Jesus Town, USA @ RIDM

jesus town usa2Being more of a spiritual person than a religious type I often hesitate when it comes to films dealing with religion. Going to see directors Billie Mintz and Julian T. Pinder’s film Jesus Town, USA was a bit of a leap of, if you will pardon the pun, faith.

In the small rural town of Lawton set in the Wichita foothills of Oklahoma for the past 88 years they have put on a passion play that involves over 100 people and recreates the life of Jesus. It is the longest running play of its type and at first they drew in over 200,000 and now they struggle for anyone at all. Those putting it on are undaunted and remain passionate as ever.

Coming up to the Easter 2013 pageant, after the same man who has played the lead role of Jesus for the past 8 years up and “retires” those behind the production begin the search for the next Jesus. This search caught the attention of the two directors and they decided they happened upon a virtual goldmine in regards to documentary filmmaking.

The twenty-something Zack comes forward and declares himself for the role of Jesus. He wins those behind the play over and is cast in the lead. The play is to go on. Mintz and Pinder settle into a traditional portrayal with its focus on the rehearsals and the like. Nothing too interesting to be found here. What is worth your time and attention is the look at the lives and minds of the people in the town. Some rather interesting characters that reside within the town surface at this point. Dudley the bar owner, Charlie – Santa/bank robber and Jerry the pageant producer and a lawyer all have their chance to be in front of the camera with their personalities shining through. Even Zack is an interesting guy who delivers papers in the morning and then hangs around the hamburger joint his girlfriend works at on most evenings. The directors do not look down their noses at these rural folk rather they portray them in a rather warm light. They also are benefitted here by some great shots of the town and high calibre cinematography.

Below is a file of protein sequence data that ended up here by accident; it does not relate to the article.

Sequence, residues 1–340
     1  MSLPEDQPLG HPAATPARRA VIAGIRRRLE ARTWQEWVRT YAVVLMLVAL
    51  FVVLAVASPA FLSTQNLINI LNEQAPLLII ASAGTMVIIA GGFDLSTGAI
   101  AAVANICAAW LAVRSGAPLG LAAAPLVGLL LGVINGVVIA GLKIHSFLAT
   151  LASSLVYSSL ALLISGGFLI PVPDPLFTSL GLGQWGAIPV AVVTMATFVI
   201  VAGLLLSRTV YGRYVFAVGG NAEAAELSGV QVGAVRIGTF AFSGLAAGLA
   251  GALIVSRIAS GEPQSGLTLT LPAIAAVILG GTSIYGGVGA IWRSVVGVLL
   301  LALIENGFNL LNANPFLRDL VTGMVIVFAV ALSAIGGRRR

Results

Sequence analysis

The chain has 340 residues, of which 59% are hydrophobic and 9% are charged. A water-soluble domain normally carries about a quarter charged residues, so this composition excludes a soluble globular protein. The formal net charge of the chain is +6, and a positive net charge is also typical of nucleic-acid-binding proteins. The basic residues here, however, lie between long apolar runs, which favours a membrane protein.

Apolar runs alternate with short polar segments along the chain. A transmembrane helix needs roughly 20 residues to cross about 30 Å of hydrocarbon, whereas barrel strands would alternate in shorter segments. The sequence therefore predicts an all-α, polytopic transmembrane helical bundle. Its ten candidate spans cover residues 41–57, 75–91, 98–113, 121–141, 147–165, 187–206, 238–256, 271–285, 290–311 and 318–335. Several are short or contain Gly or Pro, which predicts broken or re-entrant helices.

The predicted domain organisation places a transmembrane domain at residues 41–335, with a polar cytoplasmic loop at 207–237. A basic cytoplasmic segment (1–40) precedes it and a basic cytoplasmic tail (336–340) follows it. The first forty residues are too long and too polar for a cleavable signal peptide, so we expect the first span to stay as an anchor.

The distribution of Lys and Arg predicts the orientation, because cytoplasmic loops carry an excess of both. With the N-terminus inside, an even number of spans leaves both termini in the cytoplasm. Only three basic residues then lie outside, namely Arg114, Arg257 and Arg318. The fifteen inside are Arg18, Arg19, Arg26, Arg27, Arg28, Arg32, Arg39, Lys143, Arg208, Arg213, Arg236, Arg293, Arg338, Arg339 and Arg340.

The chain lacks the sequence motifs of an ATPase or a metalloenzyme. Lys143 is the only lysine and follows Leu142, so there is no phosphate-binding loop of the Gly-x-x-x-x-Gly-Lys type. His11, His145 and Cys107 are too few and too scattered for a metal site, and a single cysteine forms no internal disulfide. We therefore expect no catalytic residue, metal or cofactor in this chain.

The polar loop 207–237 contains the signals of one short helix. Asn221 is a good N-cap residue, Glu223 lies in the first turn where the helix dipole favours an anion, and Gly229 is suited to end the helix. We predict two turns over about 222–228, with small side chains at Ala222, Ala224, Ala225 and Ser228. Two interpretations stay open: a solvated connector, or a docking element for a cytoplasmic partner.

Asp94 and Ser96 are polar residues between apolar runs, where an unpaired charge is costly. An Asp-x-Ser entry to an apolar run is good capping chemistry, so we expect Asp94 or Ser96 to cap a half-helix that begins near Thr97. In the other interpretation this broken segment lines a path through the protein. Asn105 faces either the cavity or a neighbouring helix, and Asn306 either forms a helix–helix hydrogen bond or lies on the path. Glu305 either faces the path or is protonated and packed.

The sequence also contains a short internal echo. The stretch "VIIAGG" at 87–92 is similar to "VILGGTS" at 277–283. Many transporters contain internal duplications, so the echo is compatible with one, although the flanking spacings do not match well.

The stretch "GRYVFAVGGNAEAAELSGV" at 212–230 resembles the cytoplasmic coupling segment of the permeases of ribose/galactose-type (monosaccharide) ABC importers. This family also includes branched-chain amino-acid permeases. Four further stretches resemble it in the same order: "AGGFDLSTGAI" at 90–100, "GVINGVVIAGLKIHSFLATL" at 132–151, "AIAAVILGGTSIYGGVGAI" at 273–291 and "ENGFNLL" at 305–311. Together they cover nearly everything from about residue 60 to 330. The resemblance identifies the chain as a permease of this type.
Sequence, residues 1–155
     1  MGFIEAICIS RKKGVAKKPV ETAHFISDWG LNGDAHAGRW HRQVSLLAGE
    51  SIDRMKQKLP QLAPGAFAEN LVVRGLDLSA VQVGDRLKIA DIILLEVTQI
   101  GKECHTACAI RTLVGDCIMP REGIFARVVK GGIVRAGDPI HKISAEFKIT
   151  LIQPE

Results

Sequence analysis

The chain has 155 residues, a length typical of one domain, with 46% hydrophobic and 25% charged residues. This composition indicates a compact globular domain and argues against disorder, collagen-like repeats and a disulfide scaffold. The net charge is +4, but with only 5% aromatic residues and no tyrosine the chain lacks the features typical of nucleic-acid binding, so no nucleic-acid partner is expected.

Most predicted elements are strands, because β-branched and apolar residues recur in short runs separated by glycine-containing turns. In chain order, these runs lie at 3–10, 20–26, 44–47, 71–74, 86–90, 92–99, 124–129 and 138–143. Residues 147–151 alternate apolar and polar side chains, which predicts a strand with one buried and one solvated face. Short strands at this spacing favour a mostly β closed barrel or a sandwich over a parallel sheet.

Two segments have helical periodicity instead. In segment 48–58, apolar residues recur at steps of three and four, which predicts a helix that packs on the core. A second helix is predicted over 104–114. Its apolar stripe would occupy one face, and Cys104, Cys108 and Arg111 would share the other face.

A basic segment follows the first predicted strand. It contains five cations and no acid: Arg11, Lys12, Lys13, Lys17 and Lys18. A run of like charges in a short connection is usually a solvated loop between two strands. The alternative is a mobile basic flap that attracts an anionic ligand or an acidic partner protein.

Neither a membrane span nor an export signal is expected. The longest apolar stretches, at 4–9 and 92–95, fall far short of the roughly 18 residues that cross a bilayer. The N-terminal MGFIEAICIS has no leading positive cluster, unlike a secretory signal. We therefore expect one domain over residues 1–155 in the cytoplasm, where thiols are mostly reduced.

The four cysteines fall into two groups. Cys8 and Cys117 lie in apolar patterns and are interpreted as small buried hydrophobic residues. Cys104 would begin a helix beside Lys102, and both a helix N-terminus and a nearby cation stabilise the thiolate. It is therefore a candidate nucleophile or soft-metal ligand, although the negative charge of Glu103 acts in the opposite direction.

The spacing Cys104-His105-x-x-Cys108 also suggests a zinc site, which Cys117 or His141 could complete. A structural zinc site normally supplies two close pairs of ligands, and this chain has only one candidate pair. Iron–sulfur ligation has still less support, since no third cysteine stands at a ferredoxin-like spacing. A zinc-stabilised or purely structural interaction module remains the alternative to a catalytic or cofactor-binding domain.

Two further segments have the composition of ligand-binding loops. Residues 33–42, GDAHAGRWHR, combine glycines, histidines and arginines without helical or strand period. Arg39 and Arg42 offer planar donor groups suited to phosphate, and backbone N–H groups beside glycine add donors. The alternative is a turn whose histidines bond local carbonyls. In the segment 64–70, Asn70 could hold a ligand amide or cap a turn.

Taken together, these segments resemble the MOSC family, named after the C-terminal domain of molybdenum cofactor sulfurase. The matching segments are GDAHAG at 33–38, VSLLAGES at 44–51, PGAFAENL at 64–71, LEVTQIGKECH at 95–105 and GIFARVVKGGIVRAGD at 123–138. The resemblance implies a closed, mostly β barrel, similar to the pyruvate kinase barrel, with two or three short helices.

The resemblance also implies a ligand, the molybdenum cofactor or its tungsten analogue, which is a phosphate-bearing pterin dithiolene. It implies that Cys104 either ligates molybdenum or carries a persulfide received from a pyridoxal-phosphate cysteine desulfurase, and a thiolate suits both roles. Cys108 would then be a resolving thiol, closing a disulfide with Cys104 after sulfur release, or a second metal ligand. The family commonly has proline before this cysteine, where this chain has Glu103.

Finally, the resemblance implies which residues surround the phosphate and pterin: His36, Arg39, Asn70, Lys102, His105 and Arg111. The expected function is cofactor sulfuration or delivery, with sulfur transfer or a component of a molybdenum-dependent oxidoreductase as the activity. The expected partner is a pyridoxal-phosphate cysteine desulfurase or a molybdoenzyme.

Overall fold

This is all rather good and all, but there really is no conflict or drama to be found to move the film ahead. Then luck smiles upon Mintz and Pinder again when a plot twist occurs. Zack, Jesus Christ himself, reveals that he has a secret he has been hiding. He confesses that he has converted to Buddhism. The young man portraying Jesus in a passion play is not a Christian. Could that be? What would the town think? How will this wash in a town that has held this tradition up to be a rather important one?

Now the documentary almost becomes a comedy of sorts. And a small story becomes a lot bigger one. A story that you thought going in was going to be one of faith becomes one of tradition and community.

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